She also set an additional work session for March 4 that will follow the School Board’s regular meeting and a special meeting on March 11 to approve the WCPS final budget.
“The reason to do that,” said Sheppard, “is because we expect to get some additional information from the state about how much money we’re going to get from them.”
Robert Ballentine, WCPS Director of Finance, said there are three state competing budgets currently under consideration by legislators in Richmond.
The Virginia General Assembly is slated to adjourn on March 7, according to Ballentine, putting WCPS in “good shape” to know what to expect in its forthcoming budget so that the district can move forward.
“We’re almost in a state of hold right now,” Ballentine said. “We’ve talked about the [budget] priorities we’d like to do… but until we get a little better picture of our revenue from the state, it’s difficult for us to do anything more.”
Sheppard said Stanley agreed to accept the final WCPS FY 2020-21 budget on March 12. He said on Tuesday that he expects the supervisors to approve the final WCPS budget at their April 21 meeting.
The School Board members present on February 19 were James Wells, Ralph Rinaldi, Catherine Bower, and Kristen Pence. School Board Chairman Arnold Williams, Jr. was absent for the regular meeting and work session, but he did attend the joint meeting on Tuesday with the BOS.
Lord Fairfax Community College staff members win national award
LFCC instructional technologist Gannon Nordberg and instructional designer Erin Mills recently received the 2019 Award for Outstanding Support for Faculty or Students from the Instructional Technology Council (ITC). The award was presented during the ITC’s 2020 Annual Conference – eLearning.
United States Navy Country Current plays concert February 21, 2020
The 44th Annual Military School Band and Choir Festival will be held at Randolph-Macon Academy on February 21-23, bringing with it several events that are open to the public. After a full day of clinics and band auditions, the students will enjoy a concert performed by the U.S. Navy Band Country Current in Boggs Chapel. This concert, which takes place at 7:30 pm, is free and open to the public.
The United States Navy Band Country Current is the Navy’s premier country-bluegrass ensemble. The group is nationally renowned for its versatility and “eye-popping” musicianship, performing a blend of modern country music and cutting-edge bluegrass. This seven-member ensemble employs musicians from diverse backgrounds with extensive high-profile recording and touring experience in the music scenes of Nashville, Tenn., New York, New Orleans and more. In the tradition of country music, each member is a skilled performer on multiple instruments. The band utilizes banjo, acoustic guitar, electric guitar, mandolin, fiddle, electric bass, upright bass, dobro, pedal steel guitar and drum set.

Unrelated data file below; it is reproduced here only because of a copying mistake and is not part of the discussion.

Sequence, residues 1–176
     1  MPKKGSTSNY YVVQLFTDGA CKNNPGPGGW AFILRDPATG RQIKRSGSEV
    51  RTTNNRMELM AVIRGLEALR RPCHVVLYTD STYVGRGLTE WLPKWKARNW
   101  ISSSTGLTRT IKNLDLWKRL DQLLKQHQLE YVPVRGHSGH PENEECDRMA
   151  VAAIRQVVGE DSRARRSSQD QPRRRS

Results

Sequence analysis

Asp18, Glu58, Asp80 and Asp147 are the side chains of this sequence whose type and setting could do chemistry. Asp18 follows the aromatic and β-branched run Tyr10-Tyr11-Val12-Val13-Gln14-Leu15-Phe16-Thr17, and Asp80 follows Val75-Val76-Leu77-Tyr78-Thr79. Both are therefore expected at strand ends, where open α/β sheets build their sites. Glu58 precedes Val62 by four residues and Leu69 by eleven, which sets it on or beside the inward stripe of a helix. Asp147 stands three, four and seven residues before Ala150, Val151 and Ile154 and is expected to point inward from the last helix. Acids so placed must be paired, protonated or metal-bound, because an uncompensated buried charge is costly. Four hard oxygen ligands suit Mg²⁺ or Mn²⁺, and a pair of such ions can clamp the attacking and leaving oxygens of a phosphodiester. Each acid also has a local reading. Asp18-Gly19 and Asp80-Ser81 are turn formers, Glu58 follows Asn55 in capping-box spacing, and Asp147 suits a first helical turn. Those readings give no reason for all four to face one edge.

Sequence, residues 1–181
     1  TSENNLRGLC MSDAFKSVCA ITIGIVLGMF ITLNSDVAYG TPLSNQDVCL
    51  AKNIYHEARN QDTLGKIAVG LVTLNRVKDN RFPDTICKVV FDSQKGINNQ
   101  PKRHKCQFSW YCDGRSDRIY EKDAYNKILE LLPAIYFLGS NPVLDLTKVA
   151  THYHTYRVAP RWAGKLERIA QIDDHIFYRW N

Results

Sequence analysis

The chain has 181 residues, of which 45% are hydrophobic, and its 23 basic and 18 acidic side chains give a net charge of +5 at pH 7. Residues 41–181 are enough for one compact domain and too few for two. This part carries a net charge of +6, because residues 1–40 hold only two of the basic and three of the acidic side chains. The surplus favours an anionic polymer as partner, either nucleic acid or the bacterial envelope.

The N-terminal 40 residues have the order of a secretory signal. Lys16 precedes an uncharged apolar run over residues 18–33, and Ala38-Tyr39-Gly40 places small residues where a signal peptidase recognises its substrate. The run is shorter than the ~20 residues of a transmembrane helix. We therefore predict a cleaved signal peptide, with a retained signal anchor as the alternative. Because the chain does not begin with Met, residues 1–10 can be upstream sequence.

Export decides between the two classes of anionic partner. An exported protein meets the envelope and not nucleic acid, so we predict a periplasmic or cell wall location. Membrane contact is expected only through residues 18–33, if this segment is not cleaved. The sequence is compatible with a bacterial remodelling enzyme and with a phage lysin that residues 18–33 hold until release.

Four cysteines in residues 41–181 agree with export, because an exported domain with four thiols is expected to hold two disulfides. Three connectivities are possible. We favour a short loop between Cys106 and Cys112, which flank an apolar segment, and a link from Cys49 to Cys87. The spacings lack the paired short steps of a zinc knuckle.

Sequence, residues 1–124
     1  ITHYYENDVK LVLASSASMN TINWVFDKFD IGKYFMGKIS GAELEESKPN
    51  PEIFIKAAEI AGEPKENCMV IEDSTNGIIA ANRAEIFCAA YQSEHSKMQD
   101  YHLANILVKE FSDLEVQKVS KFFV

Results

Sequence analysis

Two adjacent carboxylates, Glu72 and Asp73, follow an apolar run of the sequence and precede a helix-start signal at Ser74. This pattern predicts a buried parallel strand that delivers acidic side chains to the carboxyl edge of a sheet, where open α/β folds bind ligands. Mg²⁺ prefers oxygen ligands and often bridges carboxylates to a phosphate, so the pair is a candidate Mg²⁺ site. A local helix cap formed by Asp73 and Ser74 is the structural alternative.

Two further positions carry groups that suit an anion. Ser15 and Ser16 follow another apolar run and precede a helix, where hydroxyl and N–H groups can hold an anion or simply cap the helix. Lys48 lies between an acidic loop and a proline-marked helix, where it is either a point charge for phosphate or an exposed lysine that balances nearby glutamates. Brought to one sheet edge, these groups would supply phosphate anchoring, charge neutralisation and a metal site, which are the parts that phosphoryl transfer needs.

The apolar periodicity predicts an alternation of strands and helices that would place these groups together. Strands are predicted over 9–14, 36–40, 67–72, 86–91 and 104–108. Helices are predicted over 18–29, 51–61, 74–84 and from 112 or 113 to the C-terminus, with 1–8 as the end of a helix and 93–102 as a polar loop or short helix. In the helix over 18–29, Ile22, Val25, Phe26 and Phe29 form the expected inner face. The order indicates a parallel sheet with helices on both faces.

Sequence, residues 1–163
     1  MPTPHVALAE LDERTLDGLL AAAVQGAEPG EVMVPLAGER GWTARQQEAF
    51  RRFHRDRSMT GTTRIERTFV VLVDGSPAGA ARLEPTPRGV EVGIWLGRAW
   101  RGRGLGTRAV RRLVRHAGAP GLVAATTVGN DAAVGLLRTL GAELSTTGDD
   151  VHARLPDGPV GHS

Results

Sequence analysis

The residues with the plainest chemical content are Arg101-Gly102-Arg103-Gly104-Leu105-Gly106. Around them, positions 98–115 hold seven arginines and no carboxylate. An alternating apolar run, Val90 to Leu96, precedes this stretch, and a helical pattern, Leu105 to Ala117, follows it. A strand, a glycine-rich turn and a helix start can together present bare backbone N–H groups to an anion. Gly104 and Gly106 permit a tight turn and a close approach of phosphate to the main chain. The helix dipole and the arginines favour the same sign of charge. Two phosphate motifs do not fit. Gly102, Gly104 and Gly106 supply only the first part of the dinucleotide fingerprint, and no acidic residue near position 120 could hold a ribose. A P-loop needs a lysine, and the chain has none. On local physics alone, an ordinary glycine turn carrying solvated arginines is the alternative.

Formed in 1973, the band has a rich legacy of notable alumni including Bill Emerson, Wayne Taylor, Jerry Gilmore, and Frank Sollivan. They have performed at the Grand Ole Opry, for Presidents Jimmy Carter, George H.W. Bush, Bill Clinton, George W. Bush and Barack Obama, and overseas in Stockholm, Nova Scotia, and Beijing. With a fun-filled and family-friendly stage show, Country Current has been delighting its fans for over 40 years with their musical virtuosity and humor.
A staple of the bluegrass scene, Country Current has shared the stage with music luminaries Rhonda Vincent, Dailey and Vincent, Mountain Heart, Little Roy Lewis, Third Time Out, The Lonesome River Band, Josh Williams, The Seldom Scene, J.D. Crowe, Doyle Lawson, Ned Luberecki, Chris Jones and many others. Country Current routinely performs at bluegrass festivals such as Darrington, Windgap, Gettysburg, Lake Havasu, and Grass Valley. In 2011, Country Current became the first military band to perform at the South by Southwest music festival in Austin, Texas.
Country Current performs regularly for the president, vice-president, the secretary of the Navy, the chief of naval operations, the chairman and vice-chairman of the Joint Chiefs Of Staff, the Master Chief Petty Officer of the Navy and numerous other dignitaries. Reaching out to communities both locally and nationally, they regularly perform for veterans, elementary schools, and in support of our active-duty Sailors.
Open air fire causes wildfire, occupant charged
Just after 2:00 pm on Tuesday, February 18, 2020, Warren County Fire and Rescue units were dispatched to the 1800 block of Oregon Hollow Road for a reported brush fire which was threatening multiple structures.
Units quickly arrived on the scene to find approximately 3/4 of an acre of wooded area involved in fire with the fire spreading away from any structures. Firefighters were able to quickly control the blaze before any structures were damaged. It was determined that the fire was caused by an open air fire spreading to the wooded area when winds increased.
The occupant of the home where the fire started was issued a summons by the Virginia Department of Forestry for violation of VA Code 10.1-1142. The occupant faces being guilty of a class 3 misdemeanor and may be liable for the full amount of all expenses incurred in suppressing the fire.
This incident should serve as a reminder as to why the 4pm Burn Law is in effect between February 15th and April 30th.
Briefly, the 4pm Burn Law regulates the open air burning before 4pm and after midnight. This law was adopted to reduce the number of wildfires during this period of risk associated with weather conditions that include elevated winds, lower relative humidity, and dryer forest floor fuels.
For more information on the 4pm Burn Law, visit www.dof.virginia.gov/fire.
Units on the call:
- Engine 1
- Brush 8
- Brush 9
- Brush 10
- Tanker 3
- Tanker 8
- Tanker 9
- Ambulance 4
- Fire Marshal 1
- Forest Warden 1 (Department of Forestry)